Archive for the ‘North Bend Real Estate’ Category

Could Fall City be one of the most expensive zip codes in the United States?

March 15, 2011

Could Fall City be one of the most expensive zip codes in the United States?

Forbes magazine lists the top 500 zip codes with the most expensive real estate.  In 2010 five zip codes in Washington State made that list.  Can you guess which ones?

Rank  City            Zip Code    Median Price   Inventory   Median Income

42       Medina                98039      $2,170,308.    60              $ 132,665

228     Mercer Island     98040      $1,003,328    185             $    91,904

247     Bellevue               98004      $   952,566    447             $    63,358

444     Sammamish       98075       $   664,223    179             $ Not Avail.

477     Fall City              98024       $   594,747      94            $    62,076

You can get more information by following the link to the Forbes Article by clicking here.

I think these numbers will come as a surprise to many people.  When I am showing homes in Fall City and I ask my clients what they think the median house price is in Fall City, unless they have done their research, most of them underestimate the number by almost 50%.  In my opinion, it is because they do not understand the boundaries of the zip code and most of the homes that are higher priced are not in the downtown core.

What we enjoy about Fall City is the diversity of housing stock.  There are modest mobile homes on leased land and also large homes on acreage.  Fall City also has one of the largest collections of historic homes in unincorporated King County.   We have homes on lakes, rivers, acreage properties and view properties. There is truly something for everybody.  If someone wants to take advantage of the great community, excellent schools, scenic beauty and recreational opportunities nearby, they do not have to spend a lot of money to live here. On the other hand, if someone is looking for that signature property we have those, too.

We love to help people discover some of the hidden attributes of this community that make it a great place to live.

While I was out…

October 6, 2008

It’s been some time since I have posted to my blog and it was not because nothing interesting has been happing in Fall City.  Here are just a few things that have been going on while I was out.

Fall City Parks District has collected the necessary signatures to get the district on the ballot.  You can learn more information about the parks district here.

King County has resumed negotiations with the Snoqualmie Tribe to transfer Fall City Community Park to their ownership and has a proposed contract.

The Colonial Inn has successfully reopened as the Fall City Road House.

The Real Estate market has slowed in Fall City and in King County. More information on this later.

The Tolt Hill Bridge over the Snoqualmie River has opened and the old bridge has been recycled. You can see more information here and see a video of the new bridge.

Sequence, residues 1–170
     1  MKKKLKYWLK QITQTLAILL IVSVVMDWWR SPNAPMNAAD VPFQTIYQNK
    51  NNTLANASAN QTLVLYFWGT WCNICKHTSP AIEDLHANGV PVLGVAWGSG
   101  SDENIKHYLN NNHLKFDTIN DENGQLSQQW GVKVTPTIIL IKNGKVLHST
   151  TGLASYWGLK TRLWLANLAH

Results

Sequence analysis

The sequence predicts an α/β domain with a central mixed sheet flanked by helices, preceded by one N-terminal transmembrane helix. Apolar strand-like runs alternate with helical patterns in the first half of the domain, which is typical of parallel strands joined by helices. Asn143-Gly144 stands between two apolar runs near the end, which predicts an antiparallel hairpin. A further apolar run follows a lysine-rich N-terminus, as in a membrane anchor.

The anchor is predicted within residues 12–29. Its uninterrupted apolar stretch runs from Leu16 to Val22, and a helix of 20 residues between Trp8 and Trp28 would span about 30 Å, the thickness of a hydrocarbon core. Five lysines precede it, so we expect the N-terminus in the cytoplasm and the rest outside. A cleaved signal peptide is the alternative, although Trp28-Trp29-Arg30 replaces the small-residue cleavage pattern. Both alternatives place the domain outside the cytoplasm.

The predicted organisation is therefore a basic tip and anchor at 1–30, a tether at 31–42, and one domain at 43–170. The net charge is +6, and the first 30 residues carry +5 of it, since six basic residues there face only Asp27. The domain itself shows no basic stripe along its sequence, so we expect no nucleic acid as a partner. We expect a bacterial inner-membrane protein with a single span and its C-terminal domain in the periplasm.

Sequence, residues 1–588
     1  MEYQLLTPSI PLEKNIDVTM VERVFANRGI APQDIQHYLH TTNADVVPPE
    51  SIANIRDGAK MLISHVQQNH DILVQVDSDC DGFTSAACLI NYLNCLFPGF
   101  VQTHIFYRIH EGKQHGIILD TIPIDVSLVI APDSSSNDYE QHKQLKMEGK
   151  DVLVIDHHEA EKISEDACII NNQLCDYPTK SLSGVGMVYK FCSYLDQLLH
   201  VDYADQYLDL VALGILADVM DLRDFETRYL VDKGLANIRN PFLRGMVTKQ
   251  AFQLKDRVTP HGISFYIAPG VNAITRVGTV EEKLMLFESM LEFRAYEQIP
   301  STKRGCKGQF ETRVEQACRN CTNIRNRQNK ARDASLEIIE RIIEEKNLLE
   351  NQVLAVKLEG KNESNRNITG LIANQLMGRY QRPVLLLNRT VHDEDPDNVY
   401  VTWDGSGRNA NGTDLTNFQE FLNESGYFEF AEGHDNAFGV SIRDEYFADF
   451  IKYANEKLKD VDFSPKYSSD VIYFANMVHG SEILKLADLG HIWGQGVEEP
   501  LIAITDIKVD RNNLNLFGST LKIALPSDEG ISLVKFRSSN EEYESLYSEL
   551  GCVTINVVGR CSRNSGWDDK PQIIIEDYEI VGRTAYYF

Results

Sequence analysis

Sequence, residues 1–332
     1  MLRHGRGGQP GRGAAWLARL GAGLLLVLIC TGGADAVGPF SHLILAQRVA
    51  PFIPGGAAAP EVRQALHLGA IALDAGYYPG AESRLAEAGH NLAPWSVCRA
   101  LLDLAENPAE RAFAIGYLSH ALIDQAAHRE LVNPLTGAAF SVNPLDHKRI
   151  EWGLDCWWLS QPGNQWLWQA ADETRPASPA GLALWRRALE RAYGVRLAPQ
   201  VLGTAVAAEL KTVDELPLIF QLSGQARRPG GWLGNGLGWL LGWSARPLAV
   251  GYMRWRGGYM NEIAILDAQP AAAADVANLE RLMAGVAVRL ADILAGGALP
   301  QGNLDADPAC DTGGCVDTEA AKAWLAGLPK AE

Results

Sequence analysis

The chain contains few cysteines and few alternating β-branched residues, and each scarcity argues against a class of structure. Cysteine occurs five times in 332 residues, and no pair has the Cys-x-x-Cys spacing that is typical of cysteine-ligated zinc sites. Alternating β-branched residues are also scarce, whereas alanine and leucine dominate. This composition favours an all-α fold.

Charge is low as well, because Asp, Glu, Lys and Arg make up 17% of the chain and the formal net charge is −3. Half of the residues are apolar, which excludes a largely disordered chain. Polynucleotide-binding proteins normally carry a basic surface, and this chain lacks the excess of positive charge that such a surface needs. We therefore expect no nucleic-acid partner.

The Washington State Department of Fisheries tried to close the Tokul Creek Fish Hatchery which supplies the Snoqualmie River with about 200,000 Steelhead smolts each year.  It looks like this has been defeated by public participation.  You can read a press release here.

The connecting road between Lake Alice and Snoqualmie Ridge is still barricaded, and it looks like it will be for the foreseeable future.

The Wells Farm and Nursery property in Fall City has been sold the property is currently for lease.

The Snoqualmie Valley School District Wasl have been published and both Fall City Elementary and Chief Kanim students did a great job on the test. 

The Snoqualmie Valley School District is working on getting a new bond proposal together that looks like it will be 25 to 50 percent of the cost of the  last bond.

King County is working on a plan to control Knotweed along the Raging and Snoqualmie Rivers. 

The Fall City Library has reopened in the new building with expanded hours.  The Carnation Library has been torn down and the building for them is under construction.  The have a temporary location in the Sno-Valley Senior Center.

The Fall City roundabout has finally been paved and striped and seems to be working very well.  It seems to be working better than the intersection on the South side of the bridge.

The old Guns and Roses property by the round-a-bout is on the market. Guns and Roses is the local nickname for the Fall City Firearms and the Fall City Green House that stood on the site of the new roundabout.

The Cherry trees along the Riverbank are getting pruned for the first time in several years.

The Fall City Food Pantry, is serving more and more families every opening.  They are open on the first and third Wednesdays of the month.  Open Noon to 1:30 and again from 6:30 to 7:30 PM. The community Food Pantry is located at the Fall City United Methodist Church 4326 337th Pl SE Fall City, WA  98027

The “If Fish Could Walk” Geocache in Fall City has been replaced and updated to a micro geocache.

The Fall City Community Association has moved their meetings from the Snoqualmie Falls Golf Course to the Fall City Road House.  They now meet upstairs in the banquet room.

Maguire Hill Real Estate that had offices in Fall City, North Bend, Maple Valley and Cle Elum has gone out of business.